A Harmonized Commodity Description and Coding System (HS Code) is a code used to describe merchandise that is shipped internationally. This code was developed to help identify commodities crossing international borders, to be accurately declared regardless of where they are from and where they are going. HS codes are also used to monitor controlled goods, freight tariffs, quota controls, and trade policies by government bodies and private organizations.
Technically, an HS code can be up to 10-digits long and is unique for each country. However, it is the first six-digits that are internationally “harmonized.” The HS code is a requirement for international shipping and must be included on all shipping notices and invoices. This universal “language” is important because it is used in:
- Custom tariffs
- International trade statistics
- Rules of origin
- Trade negotiations
- Transport tariffs and statistics
- Monitoring of controlled goods
- Areas of Customs controls and procedures
If a business wishes to import or export internationally, they must understand this code to correctly identify their goods, or they could face monetary or legal setbacks.
How Is the HS Code Used?
When products are shipped internationally, a specific tax, called a tariff, is put on the goods. Different goods have different tariffs, and the exported products must be labeled correctly so the business owner pays the correct tariff.
According to the World Customs Organization (WCO), the HS classifies 98% of all international trade. This helps save on the cost of international trade as there is no “translator” needed to read and understand the code. The code is used by various international organizations and governments for tax purposes, trade policies, and economic research and analysis, regardless of the mode of transportation.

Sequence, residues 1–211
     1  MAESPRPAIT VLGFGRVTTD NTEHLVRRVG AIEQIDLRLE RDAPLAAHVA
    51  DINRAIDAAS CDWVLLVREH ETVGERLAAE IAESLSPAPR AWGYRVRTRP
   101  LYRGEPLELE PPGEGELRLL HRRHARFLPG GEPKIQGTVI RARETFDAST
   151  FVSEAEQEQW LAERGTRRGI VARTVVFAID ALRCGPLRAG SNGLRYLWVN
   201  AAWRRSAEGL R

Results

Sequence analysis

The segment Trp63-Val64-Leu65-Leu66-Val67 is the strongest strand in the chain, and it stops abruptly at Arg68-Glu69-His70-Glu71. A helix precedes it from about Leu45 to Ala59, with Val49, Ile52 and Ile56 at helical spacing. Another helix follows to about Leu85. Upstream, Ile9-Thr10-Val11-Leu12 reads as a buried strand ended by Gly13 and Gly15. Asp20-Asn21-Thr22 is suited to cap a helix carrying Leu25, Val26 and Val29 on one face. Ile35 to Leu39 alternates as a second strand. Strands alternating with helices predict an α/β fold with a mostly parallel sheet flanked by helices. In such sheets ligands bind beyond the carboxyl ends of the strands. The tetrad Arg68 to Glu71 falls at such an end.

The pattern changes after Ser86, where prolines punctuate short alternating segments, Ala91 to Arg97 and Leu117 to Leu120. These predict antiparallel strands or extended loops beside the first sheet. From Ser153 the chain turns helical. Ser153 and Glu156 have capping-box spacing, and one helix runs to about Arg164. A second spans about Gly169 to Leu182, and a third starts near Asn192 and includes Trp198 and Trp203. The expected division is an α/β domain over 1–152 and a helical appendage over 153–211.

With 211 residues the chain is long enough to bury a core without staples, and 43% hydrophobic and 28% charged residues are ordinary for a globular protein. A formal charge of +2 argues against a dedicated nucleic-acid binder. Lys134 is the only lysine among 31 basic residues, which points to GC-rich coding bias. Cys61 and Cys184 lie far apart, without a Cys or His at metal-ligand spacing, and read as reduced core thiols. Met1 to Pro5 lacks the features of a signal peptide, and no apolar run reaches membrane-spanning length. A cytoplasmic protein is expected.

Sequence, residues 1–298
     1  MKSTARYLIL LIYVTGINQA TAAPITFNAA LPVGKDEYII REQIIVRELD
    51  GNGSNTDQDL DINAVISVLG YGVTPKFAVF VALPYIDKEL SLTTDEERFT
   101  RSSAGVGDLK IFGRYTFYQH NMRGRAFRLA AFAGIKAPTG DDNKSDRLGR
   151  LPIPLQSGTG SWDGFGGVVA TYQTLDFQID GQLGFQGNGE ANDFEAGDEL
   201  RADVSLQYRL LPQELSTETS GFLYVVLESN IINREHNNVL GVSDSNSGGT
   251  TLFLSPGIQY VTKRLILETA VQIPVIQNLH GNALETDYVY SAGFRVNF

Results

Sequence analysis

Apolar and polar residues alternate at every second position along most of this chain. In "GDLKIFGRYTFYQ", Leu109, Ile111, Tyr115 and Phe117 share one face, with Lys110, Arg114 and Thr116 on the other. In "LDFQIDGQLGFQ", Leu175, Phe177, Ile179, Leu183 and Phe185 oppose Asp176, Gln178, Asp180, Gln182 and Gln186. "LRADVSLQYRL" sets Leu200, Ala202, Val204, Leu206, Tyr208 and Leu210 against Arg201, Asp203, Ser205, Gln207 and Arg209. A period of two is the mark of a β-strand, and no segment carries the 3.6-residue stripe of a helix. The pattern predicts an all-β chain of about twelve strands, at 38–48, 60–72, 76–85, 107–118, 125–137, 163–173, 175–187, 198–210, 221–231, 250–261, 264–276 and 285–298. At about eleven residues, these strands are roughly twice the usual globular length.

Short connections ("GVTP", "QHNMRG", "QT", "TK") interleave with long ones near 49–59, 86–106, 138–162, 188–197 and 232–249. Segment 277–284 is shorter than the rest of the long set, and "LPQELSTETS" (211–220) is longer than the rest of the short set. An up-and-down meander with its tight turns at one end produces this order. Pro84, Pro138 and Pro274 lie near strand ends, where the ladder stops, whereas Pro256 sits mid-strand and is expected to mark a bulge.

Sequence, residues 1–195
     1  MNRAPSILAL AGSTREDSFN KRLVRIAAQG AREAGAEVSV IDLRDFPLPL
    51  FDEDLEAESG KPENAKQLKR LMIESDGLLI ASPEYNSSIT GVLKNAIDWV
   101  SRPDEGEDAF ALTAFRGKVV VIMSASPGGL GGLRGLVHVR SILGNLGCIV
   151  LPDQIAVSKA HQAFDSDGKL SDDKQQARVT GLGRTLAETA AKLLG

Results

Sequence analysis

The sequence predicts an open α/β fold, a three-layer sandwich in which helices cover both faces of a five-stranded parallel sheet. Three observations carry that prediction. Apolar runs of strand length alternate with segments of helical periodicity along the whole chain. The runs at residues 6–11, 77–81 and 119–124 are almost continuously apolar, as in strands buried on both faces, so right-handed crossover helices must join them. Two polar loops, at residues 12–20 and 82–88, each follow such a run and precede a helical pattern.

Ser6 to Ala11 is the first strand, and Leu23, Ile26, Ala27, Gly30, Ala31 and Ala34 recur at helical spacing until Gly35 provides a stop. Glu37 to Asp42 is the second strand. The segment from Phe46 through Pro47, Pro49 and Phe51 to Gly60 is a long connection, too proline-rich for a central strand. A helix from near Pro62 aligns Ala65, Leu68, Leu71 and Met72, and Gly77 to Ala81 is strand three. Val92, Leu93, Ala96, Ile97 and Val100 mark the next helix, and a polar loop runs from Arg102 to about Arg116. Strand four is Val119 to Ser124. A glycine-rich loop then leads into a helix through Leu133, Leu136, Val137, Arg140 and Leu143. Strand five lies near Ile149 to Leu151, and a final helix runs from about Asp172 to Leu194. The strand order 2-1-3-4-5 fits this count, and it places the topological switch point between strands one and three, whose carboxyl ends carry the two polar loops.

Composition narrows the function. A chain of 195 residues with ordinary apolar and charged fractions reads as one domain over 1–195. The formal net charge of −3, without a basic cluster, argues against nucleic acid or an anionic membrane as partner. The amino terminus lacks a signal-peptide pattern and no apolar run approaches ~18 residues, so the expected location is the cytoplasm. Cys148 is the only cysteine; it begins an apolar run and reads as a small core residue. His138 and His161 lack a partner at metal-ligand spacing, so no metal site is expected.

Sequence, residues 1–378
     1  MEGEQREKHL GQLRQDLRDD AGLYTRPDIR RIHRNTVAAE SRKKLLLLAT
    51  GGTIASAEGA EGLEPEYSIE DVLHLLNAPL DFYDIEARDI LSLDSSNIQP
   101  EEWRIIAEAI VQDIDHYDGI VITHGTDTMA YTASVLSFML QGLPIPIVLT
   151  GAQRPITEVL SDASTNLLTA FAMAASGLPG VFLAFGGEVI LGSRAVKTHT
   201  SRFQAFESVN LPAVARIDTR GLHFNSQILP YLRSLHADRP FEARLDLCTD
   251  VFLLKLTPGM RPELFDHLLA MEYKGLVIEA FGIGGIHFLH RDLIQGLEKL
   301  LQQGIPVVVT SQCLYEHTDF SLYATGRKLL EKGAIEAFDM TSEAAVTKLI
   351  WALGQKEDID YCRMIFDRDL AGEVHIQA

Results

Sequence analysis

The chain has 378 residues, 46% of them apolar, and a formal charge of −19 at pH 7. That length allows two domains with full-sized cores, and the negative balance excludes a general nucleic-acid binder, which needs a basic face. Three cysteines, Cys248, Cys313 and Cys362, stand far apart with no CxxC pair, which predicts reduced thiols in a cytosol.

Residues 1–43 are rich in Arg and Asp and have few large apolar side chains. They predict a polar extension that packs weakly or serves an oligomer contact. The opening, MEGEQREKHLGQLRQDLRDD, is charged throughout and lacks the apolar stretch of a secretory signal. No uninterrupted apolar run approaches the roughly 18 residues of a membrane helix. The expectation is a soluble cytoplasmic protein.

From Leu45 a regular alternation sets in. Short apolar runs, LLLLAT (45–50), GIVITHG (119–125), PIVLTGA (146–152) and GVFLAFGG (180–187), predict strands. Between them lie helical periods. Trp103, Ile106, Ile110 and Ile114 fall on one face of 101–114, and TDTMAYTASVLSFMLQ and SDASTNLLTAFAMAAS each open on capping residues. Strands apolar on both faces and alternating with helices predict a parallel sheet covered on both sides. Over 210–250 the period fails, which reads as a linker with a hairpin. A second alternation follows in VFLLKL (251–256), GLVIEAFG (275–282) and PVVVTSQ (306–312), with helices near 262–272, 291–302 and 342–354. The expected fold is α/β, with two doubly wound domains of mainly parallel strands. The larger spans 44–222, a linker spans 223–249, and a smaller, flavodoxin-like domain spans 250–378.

This code is used by the WCO, a group consisting of more than 200 countries and is responsible for processing international commodities. They are divided into six regions:
- South America, North America, Central America, and the Caribbean
- The Far East, South, and Southeast Asia, Australia, and the Pacific Islands
- North Africa and the Middle East
- West and Central Africa
- East and South Africa
The WCO was created as an independent, intergovernmental body to enhance the effectiveness of international trade. The group’s priority is maintaining the HS Code and ensuring that all countries are interpreting the codes correctly. Every five to six years, the WCO will update the HS to represent amendments made.
How the HS Code Works
The HS code is organized by economic activity or material and has many segments that identify different commodities. First, the HS is organized into 21 sections, which are then divided into 99 chapters. Then, the codes are further subdivided into 1,224 headings and 5,224 subheadings.
These categories are generally arranged in the order of a product's degree of manufacturing, or complexity. For example, natural products appear first in the code while products that require more manufacturing appear later.
The first two digits of the HS code designate the chapter. The second pair of digits represents the heading, and the third pair represent the subheading. While these numbers try to specify the commodities as much as possible, it can be tricky to find the exact product category. To remedy this, each section and chapter of the HS code is accompanied by Legal Notes, which help to clarify the proper classification.
HS Code Examples
To fully understand HS codes, here is an example: